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3 of 3 people found the following review helpful
5.0 out of 5 stars Magnifique !, 26 Mar 2013
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If you want to be in an a dream , buy this DvD. Love the colors, sounds, etc ...

Your HD TV will thank's you.

(sorry if i have made some mistakes in my sentences, but i'm french ;o) )
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5 of 6 people found the following review helpful
4.0 out of 5 stars Oversampling is majestic, 16 Jan 2013
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Got this yesterday as I had pre-ordered it.

The image quality is exceptional. No other blu ray (besides Baraka) come close. It's this why I give it 4 stars rather than 3. I just didn't enjoy the film as much as Baraka. Many of the shots were uninteresting and too often seen (even though never with such good quality).

The music also was uninspiring at times. I just did not feel engaged like I did with Baraka even though I really wanted to.

The 70mm film, like for Baraka, has been sampled at 8K (4320p) then transferred to Blu Ray (1080p). This oversampling really bears fruits.
The colours are so intense... it's a marvel to behold.
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5.0 out of 5 stars Just buy it, 25 Aug 2014
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What can I say about this film .. words are not adequate. It is definitely Fricks best film yet, looks absolutely sumptuous. A stunning film, thought provoking in its stream of conciousness style and with an amazing soundtrack which is brilliant in its own right (I own that too) Shot in 70mm film and outputted to 4k digital it has all the beautifull warm dynamic range of film and all the sharpness and clarity of digital, definitely the best of both worlds and I can see why many directors are using this method to shoot movies now. Do yourself a favour and get this aesthetic meditative masterpiece.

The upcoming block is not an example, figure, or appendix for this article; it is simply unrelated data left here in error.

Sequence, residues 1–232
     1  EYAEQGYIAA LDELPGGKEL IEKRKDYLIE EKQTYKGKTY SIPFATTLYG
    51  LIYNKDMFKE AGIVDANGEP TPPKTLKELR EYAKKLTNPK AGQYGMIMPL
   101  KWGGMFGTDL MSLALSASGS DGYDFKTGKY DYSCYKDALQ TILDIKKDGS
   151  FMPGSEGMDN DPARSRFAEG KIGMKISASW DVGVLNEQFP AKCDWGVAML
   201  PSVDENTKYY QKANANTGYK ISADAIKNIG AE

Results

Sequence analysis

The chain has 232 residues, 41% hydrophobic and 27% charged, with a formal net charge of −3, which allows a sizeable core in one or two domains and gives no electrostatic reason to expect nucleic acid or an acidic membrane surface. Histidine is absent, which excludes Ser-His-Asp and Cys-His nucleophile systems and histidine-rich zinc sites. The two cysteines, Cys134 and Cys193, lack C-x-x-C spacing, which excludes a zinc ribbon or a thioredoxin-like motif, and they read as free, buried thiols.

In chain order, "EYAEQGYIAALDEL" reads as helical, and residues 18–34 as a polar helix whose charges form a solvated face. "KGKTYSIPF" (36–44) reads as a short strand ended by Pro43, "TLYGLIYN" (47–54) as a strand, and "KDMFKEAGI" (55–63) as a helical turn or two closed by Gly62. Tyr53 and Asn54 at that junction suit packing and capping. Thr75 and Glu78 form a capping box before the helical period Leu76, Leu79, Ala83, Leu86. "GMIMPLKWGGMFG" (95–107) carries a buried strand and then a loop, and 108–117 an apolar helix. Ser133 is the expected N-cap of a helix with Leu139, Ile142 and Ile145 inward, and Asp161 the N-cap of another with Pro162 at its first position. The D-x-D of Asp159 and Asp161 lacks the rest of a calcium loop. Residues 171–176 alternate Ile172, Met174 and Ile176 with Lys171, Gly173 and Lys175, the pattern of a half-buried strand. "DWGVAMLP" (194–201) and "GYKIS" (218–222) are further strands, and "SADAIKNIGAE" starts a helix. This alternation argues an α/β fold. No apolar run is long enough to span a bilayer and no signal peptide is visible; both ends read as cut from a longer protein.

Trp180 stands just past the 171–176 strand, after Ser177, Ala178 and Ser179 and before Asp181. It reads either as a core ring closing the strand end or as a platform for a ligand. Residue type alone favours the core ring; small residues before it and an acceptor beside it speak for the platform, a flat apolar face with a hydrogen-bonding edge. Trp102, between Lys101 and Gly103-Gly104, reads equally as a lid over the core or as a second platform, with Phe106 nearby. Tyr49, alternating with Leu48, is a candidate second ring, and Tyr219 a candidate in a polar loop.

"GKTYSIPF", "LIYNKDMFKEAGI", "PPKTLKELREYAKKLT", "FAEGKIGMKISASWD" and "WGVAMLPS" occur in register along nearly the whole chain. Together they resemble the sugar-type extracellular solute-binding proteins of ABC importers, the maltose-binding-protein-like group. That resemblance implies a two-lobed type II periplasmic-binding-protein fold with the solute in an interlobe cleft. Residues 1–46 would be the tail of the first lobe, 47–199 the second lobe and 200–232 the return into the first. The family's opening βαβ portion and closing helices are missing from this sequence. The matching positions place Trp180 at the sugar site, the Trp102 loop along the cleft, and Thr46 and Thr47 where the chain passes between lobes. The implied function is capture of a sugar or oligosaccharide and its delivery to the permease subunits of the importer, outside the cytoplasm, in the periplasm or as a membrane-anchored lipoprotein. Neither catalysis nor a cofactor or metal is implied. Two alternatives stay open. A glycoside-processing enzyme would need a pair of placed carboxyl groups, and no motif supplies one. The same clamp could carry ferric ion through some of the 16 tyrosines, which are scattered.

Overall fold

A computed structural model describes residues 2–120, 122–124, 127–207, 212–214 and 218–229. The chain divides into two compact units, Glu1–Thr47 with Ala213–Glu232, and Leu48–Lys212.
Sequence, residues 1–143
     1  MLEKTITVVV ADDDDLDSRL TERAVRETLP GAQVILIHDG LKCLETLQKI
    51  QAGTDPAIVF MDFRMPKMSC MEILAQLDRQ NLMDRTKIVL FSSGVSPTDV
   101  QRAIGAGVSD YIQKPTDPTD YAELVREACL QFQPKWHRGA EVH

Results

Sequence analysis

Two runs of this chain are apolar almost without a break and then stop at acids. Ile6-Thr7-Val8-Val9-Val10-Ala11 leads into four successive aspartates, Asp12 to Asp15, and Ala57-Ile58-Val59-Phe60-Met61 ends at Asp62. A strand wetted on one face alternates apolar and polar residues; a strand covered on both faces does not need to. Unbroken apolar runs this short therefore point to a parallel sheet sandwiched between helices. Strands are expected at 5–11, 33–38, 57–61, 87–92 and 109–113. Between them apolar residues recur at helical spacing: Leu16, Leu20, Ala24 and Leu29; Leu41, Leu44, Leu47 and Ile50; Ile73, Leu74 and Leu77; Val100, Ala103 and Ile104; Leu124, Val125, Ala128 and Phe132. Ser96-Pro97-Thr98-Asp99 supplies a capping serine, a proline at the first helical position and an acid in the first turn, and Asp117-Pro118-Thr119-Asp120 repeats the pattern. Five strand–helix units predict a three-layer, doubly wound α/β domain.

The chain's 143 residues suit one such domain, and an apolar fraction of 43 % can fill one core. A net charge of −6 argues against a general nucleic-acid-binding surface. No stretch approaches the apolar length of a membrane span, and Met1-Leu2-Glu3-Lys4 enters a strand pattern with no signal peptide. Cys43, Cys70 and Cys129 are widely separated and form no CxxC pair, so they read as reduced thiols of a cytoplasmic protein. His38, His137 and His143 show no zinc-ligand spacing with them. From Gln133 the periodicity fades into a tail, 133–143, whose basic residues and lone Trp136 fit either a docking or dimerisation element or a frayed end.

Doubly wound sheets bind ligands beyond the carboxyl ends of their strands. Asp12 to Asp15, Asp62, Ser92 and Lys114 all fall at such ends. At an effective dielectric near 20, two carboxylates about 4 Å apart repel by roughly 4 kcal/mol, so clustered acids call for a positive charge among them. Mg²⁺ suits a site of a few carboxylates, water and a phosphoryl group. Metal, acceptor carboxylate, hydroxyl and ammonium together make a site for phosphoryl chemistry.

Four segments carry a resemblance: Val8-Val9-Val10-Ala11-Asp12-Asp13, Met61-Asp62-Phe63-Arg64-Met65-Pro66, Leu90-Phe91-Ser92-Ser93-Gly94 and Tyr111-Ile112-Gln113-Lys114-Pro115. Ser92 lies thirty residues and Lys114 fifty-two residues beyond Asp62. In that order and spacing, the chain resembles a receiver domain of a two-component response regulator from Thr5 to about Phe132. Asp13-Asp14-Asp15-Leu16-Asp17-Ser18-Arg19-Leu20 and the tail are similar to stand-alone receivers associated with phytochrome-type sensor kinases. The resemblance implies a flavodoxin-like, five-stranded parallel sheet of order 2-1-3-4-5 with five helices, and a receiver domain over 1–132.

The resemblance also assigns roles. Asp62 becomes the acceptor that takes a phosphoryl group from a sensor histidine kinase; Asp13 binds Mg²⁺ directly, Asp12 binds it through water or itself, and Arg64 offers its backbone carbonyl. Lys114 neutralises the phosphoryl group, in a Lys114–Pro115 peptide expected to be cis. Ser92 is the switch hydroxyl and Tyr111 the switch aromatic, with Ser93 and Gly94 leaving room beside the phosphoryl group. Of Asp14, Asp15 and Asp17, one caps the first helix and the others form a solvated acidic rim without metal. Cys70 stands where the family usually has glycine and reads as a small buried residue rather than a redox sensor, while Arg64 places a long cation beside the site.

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5.0 out of 5 stars Beautiful, inspiring and awakening, 7 Sep 2014
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It is a beautiful ensemble of pictures and music. The movie shows so many cultures and peoples, from the monks on the high mountains to the factory floor to the prisoners dancing. There is a clever and subtle sort of story-telling throughout the film which helps you keep your focus. I specially liked the subtle way the movie tries to raise awareness about humankind's consumerist approach and what it means for animals and people who are on the other side of the metaphorical curtain. It definitely puts Samsara above Baraka for me. Very artistically and thoroughly done. Very much recommended.
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4.0 out of 5 stars The eyes have it!, 27 Oct 2014
This review is from: Samsara (DVD)
Clearly this is a film full of impressive cinematography, striking visual images, colour and amazing scenes both natural and man-made. Plaudits all round for this work of art. For me, amdist all the grandeur, I was quite taken with what felt like the intimacy of all the eyes in the film, with so much eye contact from the people being filmed with the camera in a way that felt engaging and personal and conveyed such a range of emotions. A wonderful sensory experience.
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Samsara by Ron Fricke